Coming face to face with Pongo, now that was something. He’s family, so I knew a bit about him. But we’d never actually met before.
When I saw him for the first time I could see the resemblance straight away. The facial expressions and the way he stands. But we’ve grown apart, like many modern families, I suppose. In fact it’s been fourteen million years since we had a common ancestor. But Pongo Pygmaeus (his formal name) better known to you and I as orangutan, shares 97% of human DNA. And it shows.
The great ape is only found in Sumatra or here in Borneo. But they are seriously endangered. It’s estimated just over 40,000 still remain on the island. Huge scale logging (legal and illegal) is destroying their habitat. The conversion of huge tracts of forest to palm oil plantations has also devastated their traditional areas. It’s appalling to witness the pace of rainforest destruction.
I did see a few orangutans in the wild but to be honest the best place to watch them is at either Semmengoh or Sepilok rehabilitation centres. Both rescue orphaned orangutans with the aim of releasing them back into the forest. They are both very successful.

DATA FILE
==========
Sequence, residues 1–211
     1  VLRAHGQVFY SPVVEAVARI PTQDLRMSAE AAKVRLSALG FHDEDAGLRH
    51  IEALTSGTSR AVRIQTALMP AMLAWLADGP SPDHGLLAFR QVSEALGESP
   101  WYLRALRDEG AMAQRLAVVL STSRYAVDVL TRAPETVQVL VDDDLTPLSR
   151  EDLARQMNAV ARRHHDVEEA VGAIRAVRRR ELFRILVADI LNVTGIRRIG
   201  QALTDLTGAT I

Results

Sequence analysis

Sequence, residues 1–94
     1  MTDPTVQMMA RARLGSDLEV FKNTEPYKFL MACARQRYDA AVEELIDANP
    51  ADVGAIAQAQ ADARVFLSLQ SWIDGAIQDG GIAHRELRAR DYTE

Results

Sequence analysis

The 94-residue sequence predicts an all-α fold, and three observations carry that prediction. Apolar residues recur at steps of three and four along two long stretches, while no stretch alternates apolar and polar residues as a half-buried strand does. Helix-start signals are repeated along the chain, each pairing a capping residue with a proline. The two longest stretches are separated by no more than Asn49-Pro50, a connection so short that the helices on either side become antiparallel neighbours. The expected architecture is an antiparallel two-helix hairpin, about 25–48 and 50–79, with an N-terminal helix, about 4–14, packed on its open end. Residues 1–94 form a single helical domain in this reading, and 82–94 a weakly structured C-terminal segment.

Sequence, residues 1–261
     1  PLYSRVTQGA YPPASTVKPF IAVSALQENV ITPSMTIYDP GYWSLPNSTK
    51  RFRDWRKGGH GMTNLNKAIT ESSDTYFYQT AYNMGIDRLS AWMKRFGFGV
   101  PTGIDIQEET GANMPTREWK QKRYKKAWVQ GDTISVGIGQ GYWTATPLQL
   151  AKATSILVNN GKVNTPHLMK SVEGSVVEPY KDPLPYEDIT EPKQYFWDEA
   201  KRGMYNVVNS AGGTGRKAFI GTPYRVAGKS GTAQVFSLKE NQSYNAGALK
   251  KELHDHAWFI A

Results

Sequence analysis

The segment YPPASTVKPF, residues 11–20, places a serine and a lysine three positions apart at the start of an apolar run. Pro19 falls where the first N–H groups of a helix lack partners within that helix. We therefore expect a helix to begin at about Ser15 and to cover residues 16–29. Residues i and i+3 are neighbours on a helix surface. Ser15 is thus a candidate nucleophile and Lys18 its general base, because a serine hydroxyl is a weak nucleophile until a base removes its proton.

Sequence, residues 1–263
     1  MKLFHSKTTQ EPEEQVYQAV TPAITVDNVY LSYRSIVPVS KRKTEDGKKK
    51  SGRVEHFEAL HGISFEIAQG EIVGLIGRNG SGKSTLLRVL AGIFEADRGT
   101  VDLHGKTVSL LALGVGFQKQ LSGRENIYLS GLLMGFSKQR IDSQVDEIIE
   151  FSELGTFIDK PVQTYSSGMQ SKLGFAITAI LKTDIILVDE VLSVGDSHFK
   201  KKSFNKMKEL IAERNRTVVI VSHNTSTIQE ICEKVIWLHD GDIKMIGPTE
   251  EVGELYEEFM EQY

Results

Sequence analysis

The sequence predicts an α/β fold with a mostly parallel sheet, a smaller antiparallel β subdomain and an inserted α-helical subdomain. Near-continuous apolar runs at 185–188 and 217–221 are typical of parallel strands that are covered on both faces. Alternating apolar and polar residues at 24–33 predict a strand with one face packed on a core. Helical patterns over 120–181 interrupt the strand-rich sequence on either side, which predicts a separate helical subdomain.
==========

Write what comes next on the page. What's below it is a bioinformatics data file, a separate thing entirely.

After release, some Orangutans turn up at the centres for fruit, which is provided twice a day. The food is deliberately monotonous so as to encourage them to stay away and find it for themselves in the forests.
Borneo teems with amazing wildlife, some of which is found nowhere else on earth, so enough of the words, I hope you enjoy the photos. (Note: Big thanks to Isabel Rybuschka and Simon Staiger for the picture of the very rare and elusive pygmy elephant – I left my camera on charge in the room. Idiot).
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